WHFTO World Championships 2018 Match Report – Two

Hi guys,

Apologies for the slow reply!

Firstly, a huge thank you for the awesome support and well wishes.

So leaving Cape Town was easy enough, flight was good (managed to get an emergency seat!)The moment we landed in Dubai is when the fun really started, after a mad dash to the next security checkpoint we started queuing. I think I was one of the first ones from the SA gang to go through…that was until they scanned my bag and discovered the spare Hawke I had in there.

So the rest of the team managed to get through without too much of an issue, while I’m still trying to explain why I have a rifle scope in my bag, at that stage I told my girlfriend to go with the rest and that I will catch up with them.
When the security guy was eventually satisfied that I’m not doing or smuggling anything illegal, I was on my way!I’m convinced I broke Bolts 200m Olympic record carrying a back pack and trying to put my belt back on chasing after the others! 🙂

The last leg of the flight was all good until we started getting these little red cards explaining the luggage situation…not cool.

So after we realized the luggage is only going to be arriving much later, we went exploring. My word, what a beautiful city.

Evening came and finally also the rifles and luggage. Piloting a space ship on the wrong side of the road is kinda “fun”.I think we planned to be on the sight in range at 8am the next morning…that did not happen.

I was very fortunate, no scope issues or nothing.

My first shots were hitting the intended target…happy days! I was somewhat surprised that the chrony readings were much lower than expected, not that it bothered me that much…POI was still all the same.

After some hours of shooting we went home, I was satisfied and ready for the next day.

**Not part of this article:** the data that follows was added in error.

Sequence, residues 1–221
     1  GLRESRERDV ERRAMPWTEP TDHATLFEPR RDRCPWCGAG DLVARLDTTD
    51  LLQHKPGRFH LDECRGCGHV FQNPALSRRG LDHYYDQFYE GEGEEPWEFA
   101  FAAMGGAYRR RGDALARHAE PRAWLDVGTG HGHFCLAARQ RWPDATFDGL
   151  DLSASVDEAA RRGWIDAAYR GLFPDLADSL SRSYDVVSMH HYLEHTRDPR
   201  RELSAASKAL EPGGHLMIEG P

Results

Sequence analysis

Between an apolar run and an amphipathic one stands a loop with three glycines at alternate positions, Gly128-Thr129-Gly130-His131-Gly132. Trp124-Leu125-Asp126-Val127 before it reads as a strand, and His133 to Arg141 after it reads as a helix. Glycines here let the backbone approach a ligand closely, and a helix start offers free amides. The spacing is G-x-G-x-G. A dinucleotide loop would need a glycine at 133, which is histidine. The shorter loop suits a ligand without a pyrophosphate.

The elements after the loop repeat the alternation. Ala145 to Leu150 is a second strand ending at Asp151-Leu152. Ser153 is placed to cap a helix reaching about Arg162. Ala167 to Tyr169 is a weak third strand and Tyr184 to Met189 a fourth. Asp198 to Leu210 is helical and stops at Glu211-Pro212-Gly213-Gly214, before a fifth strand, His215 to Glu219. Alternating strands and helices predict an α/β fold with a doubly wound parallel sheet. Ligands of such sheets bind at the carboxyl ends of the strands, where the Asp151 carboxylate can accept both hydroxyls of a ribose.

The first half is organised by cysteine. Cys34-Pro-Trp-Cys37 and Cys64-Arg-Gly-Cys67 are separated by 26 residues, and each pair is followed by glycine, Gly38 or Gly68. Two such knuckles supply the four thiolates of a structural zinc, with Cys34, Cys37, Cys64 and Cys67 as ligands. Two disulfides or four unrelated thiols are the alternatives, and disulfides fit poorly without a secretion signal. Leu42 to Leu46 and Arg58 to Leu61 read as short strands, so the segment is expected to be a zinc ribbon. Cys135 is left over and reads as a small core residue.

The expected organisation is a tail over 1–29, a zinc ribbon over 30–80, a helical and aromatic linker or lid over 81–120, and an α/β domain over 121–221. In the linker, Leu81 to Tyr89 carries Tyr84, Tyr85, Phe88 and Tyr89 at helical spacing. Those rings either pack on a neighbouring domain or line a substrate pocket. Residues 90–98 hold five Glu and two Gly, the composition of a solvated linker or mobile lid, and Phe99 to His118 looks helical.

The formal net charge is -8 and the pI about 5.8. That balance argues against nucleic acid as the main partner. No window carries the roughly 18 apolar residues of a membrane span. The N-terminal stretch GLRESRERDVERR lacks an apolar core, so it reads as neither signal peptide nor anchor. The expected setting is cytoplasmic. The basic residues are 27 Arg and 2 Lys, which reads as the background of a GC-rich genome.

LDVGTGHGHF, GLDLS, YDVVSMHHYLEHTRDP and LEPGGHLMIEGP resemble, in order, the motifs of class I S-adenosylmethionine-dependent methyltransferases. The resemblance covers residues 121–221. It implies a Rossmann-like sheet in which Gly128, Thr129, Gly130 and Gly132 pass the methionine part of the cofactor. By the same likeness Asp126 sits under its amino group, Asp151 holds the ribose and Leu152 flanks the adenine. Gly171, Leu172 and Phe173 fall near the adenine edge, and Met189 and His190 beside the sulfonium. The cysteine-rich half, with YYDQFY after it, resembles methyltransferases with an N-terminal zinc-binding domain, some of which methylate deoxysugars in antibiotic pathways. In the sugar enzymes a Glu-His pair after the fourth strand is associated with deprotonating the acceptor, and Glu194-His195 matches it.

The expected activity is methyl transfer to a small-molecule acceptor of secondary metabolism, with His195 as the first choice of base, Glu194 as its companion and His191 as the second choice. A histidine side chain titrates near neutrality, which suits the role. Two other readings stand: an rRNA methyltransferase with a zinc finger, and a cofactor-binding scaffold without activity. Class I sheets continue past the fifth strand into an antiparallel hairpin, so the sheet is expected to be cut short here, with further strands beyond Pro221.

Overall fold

I woke up the morning feeling good and excited for the day ahead. At sight in all was still good. After the safety briefing it was the long walk to lane 10 on Alpha course.
At lane 10 I met my one shooting partner from Poland, awesome guy. We waited and waited and then realized the other person is not coming.

The whistle went and the game was on, I’m up first. All good and 2 points in the bag 😁 I had a fantastic start, dropping my first 6 targets, then a wobble of 2 face plates in a row. After that wobble all was good for a while until I missed a few more. My word…no feedback from the targets and no idea where or why you missed.Tough day at the office 🤔

Day 2,

Sight in was good and then the rain came…I think we waited about an hour for the rain to pass.
The shooting went well, I could feel the pressure towards the end.

Good thing Brett was shooting not too far from me, a joke and a smile here and there kept everything in check.I was very chuffed with my score for the day. It made up for the disappointment of day one.

All in all this was another fantastic trip and experience. Made lots of new friends!

I am jealous of the guys living in Europe that can attend events like these on a more regular basis.

Thank you again to everyone for the support and help.

The road to Poland 2019 starts here.

Michael Olivier – SAHFTA – Team ZA


WHFTO World Championships 2018 Match Report

We went, we are back.
We learned a lot
We will go again!

We left 1 August, check-in at Cape Town Airport was clean sailing. We flew with Emirates. A quick(1hour) stop over in Dubai, that ended to be more a 100m dash from on plain to the next. The last flight to Prague was in a A380. And this is where thing became interesting. On the flight we where informed that some of our bags where not on the plane. After a very long wait to get through border control in Prague, we got to baggage collection and figured out that this was ALL our bags, not just some. Lesson: 1 hour stop over in Dubai is not enough, even if the flight booking website thinks so 🙂